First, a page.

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O cessate di piagarmi Alessandro Scarlatti: Son tutta duolo Alessandro Scarlatti: Spesso vibra per suo gioco Alessandro Scarlatti: Se tu della mia morte Vivaldi: Un certo non so che Lotti: Pur dicesti, bocca bella Caldara: Sebben crudele Caldara: Selve amiche Caldara: Come raggio di sol Domenico Scarlatti: Consolati e spera Handel: Ottone; HWV Affani del pensier Handel: Alcina; HWV Quella fiamma che m'accend Leo: Dal tuo soglio luminoso duetto Pergolesi: Stizzoso Parisotti attr.

Se tu m'ami Gluck: O del mio dolce ardor Jommelli: Chi vuol comprar Traetta: Ombra cara, amorosa Piccinni: Notte, dea del mister Paisiello: Chi vuol la zingarella Paisiello: Del Leuto: Dimmi, Amor S. De Luca: Non posso disperar Falconieri: Pupillette R. Se bel rio Caccini: Amarilli Monteverdi: Lasciatemi morire Cavalli: Delizie contente Tenaglia: E quando ve n'andate Tenaglia: Tu mancavi a tormentarmi Stradella: Ragion sempre addita Stradella: How, and with what effects, do these narratives operate in relation to other images of Somali identi- ty in Italy?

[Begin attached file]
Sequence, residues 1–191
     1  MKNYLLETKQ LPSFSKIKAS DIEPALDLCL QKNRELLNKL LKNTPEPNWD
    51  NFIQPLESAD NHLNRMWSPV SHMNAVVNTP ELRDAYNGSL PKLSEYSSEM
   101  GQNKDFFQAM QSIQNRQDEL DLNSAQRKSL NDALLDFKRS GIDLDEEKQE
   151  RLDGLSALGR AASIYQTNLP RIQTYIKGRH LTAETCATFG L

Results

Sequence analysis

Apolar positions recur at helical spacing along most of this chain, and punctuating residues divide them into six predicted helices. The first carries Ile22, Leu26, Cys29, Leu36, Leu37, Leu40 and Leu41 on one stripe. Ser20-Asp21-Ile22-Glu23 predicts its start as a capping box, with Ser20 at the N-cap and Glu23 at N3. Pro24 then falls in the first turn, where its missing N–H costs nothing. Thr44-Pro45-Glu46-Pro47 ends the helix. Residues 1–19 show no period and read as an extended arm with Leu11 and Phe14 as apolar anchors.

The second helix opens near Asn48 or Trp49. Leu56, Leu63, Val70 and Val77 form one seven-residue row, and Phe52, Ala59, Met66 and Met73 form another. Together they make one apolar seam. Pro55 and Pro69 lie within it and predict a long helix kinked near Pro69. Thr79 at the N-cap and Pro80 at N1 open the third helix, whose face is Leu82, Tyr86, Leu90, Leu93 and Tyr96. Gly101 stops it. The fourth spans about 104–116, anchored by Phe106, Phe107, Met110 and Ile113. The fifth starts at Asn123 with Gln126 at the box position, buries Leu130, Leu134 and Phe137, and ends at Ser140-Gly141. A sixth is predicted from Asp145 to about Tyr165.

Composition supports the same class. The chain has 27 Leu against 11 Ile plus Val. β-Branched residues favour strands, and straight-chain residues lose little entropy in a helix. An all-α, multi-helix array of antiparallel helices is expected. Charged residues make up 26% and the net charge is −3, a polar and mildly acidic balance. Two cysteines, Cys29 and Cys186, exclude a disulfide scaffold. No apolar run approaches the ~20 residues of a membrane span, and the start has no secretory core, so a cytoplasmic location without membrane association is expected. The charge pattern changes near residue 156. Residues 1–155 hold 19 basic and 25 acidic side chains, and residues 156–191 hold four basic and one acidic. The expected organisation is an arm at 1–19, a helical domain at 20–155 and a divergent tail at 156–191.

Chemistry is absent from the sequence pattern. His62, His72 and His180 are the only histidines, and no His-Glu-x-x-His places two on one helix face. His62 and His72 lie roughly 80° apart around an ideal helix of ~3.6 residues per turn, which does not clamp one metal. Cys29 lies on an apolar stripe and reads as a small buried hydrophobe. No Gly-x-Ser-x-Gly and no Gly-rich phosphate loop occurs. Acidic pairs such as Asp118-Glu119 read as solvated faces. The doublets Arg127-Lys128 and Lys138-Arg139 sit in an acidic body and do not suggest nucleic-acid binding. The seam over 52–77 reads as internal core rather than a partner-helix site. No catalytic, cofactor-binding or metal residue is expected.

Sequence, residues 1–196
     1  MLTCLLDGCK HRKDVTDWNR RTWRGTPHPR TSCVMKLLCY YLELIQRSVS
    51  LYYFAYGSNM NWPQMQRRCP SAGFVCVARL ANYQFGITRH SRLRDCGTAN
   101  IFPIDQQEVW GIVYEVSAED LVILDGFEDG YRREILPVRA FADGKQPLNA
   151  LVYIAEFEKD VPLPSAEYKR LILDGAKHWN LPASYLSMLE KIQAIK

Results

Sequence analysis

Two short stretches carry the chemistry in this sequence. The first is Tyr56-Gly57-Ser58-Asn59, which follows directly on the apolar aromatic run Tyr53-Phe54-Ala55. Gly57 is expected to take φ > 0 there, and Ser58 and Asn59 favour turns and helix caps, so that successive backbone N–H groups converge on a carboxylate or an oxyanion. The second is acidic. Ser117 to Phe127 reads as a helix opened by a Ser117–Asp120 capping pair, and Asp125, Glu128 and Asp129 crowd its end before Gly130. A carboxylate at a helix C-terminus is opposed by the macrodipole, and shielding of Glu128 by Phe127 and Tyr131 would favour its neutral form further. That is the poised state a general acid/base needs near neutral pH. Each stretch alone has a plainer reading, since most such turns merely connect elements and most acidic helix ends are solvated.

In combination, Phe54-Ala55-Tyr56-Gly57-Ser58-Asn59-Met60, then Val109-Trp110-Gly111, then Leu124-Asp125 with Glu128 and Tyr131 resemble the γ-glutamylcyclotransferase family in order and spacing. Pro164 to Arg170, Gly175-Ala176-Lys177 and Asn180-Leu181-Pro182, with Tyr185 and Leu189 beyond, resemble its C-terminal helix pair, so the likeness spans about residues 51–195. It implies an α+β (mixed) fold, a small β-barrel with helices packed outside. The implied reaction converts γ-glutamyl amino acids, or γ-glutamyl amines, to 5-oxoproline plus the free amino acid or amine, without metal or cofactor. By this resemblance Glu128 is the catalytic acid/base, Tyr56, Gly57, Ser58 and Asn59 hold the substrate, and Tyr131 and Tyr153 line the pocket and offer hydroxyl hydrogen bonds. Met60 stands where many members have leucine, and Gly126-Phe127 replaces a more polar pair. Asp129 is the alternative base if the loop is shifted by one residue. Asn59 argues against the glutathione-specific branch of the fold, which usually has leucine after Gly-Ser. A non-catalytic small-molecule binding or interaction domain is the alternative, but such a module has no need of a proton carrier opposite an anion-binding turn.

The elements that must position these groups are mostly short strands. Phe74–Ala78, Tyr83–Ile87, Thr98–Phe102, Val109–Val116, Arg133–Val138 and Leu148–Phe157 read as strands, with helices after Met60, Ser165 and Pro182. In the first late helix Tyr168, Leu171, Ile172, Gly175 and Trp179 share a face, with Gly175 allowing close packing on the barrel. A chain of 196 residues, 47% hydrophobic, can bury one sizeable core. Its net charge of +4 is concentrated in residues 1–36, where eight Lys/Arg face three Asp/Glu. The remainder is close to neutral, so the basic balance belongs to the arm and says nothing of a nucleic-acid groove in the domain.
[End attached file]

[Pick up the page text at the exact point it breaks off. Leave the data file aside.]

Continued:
Finally, to what extent do the writings of these authors sup- port the project of citizenship acquisition for immigrants in Italy? Ital- ian Somali Writers — we consider Kaha Mohamed Aden and Igiaba Scego in the main —inscribe in their texts claims for new spaces and subjectiv- ities along the lines of the nomadic figuration and flexible citizenship proposed by Rosi Braidotti , , Within this context, the writings of Aden and Scego counter such misunderstanding by reframing culture and identity in adaptive and in- novative terms.

In her debut collection of largely autobiographical tales, Fra-intendimenti , Kaha Mohamed Aden juxtaposes past and pres- ent experiences of life in Somalia and Italy, critically working through Somali conflicts and Italian contradictions and staging multiple affilia- tions.

Aden reflects on the tensions between Somali clans and reminisces on the peaceful elements of her heritage. Both Aden and Hirsi Ali were born in Somalia, the former in , the latter in ; the writers fled Somalia with their families as children.

In , Hirsi Ali was granted polit- ical asylum in the Netherlands where she remained until , when she migrated to the United States. This idea has been explored across multicultural and postcolonial bodies of literature over the past few decades.